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Comment: Expand your peripherals (Score 1) 1570

by Bodero (#46768503) Attached to: Retired SCOTUS Justice Wants To 'Fix' the Second Amendment

Why, when analyzing the 2nd Amendment, do these so-called "scholars" mince commas and words explicitly in the text as written in the Constitution to derive the intent of the authors?

Why do they not read the Federalist papers, in which the founding fathers mention an individual right numerous times? (28, 29, 46, which I won't quote because you can find a much better summary here.)

Why do they not read the state constitutions written around the time, that reflect, in similar language, also an individual right?

1776 Pennsylvania: That the people have a right to bear arms for the defence of themselves and the state; and as standing armies in the time of peace are dangerous to liberty, they ought not to be kept up; and that the military should be kept under strict subordination, to, and governed by, the civil power.

1777 Vermont: That the people have a right to bear arms for the defence of themselves and the State -- and as standing armies in time of peace are dangerous to liberty, they ought not to be kept up; and that the military should be kept under strict subordination to and governed by the civil power.

1792 Kentucky: That the right of the citizens to bear arms in defense of themselves and the State shall not be questioned.

See the entire timeline here.

Listen, I get it. Stevens wants to amend the Constitution to revoke the explicit ordained right to possess firearms. Why lie about it and claim that it was never intended for individual protection?

Comment: Re:The important question is (Score 1) 330

by Bodero (#46482607) Attached to: What If the Next Presidential Limo Was a Tesla?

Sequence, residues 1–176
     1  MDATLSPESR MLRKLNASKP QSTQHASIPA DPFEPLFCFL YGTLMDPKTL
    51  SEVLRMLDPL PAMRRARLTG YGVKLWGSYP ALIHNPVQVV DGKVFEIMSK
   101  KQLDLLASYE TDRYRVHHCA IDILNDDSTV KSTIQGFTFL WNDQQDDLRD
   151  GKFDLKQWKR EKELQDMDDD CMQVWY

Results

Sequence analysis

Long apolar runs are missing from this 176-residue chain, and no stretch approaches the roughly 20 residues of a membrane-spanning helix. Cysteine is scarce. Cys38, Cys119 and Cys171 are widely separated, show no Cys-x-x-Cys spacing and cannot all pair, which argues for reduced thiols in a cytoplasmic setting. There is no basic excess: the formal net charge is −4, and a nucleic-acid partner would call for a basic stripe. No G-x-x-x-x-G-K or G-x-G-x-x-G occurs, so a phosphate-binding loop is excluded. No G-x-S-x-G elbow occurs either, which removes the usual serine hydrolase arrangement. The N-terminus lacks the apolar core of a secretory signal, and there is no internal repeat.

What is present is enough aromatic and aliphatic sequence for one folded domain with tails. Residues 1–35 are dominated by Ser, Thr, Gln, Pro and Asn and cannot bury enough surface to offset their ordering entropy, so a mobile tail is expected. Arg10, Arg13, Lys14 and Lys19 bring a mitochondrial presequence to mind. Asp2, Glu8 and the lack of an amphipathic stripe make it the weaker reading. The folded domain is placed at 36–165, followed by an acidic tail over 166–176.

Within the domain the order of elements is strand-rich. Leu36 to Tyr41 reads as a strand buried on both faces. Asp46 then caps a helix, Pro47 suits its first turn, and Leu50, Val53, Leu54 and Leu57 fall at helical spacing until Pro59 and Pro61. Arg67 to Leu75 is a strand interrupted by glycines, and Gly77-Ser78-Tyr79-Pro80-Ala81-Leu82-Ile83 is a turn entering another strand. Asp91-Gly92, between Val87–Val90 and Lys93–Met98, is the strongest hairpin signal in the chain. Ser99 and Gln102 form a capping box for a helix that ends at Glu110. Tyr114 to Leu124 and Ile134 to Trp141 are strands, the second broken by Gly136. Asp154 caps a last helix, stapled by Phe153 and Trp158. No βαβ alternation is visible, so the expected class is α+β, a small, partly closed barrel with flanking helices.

You couldn't be more wrong.

Dealers would love to sell Teslas, but Musk isn't allowing that - sticking to a factory-only model. If you were right, dealers would surely wish to sell Teslas in Texas, where it's illegal to go direct to the consumer, right? They wouldn't be competing directly with the factory there.

Dealers do make money in vehicle sales. Used moreso than new, but they absolutely make money on vehicle sales. The pre-2008 days of $5000 rebates and prices below invoice (and holdback) are no longer. No, it's not a fortune, but they do. And any good dealer will be making another thousand-plus in the finance office after the sale.

Their service department is important, and contributes to a metric known as "fixed absorption" - the percentage of profit the service and parts operation contributes as a portion of the total operating expenses of the dealership. If a dealership operates at 100% fixed absorption, that means their service and parts department completely pay all of the dealership's monthly expenses, and any profit made in new sales, used sales, F&I, or if the dealership has one, the body shop is pure profit.

You really think that a dealership doesn't want a new product to sell, one that will get brand new customers walking through their doors each month? BMWs, for example, already only require one service per year - so the trend towards less service is already occurring.

Comment: Re:I think $3.2B is too much (Score 1) 257

by Bodero (#45951211) Attached to: Google Buys Home Automation Company Nest

I own a Nest thermostat and while it's a great and innovative device I don't see the company being worth $3.2B.

To be fair, we don't know what products Nest has in the pipeline that only Google and their other investment partners know about.

Also, remember, Google Ventures was a big shareholder early on in Nest - they may effectively be paying themselves quite a chunk of change.

Comment: Re:Rule #1 (Score 3, Insightful) 894

by Bodero (#45695763) Attached to: How the Lessons of Columbine Saved Lives At Arapahoe High School

Fortunately, not only did the founding fathers author the Constitution, they also transcribed their struggles in each side fighting for what they believed belonged in the Constitution. These were called the Federalist Papers, and demonstrate how completely wrong you are.

Not to mention the numerous state constitutions at the time that were worded more bluntly regarding the individual right to bear arms.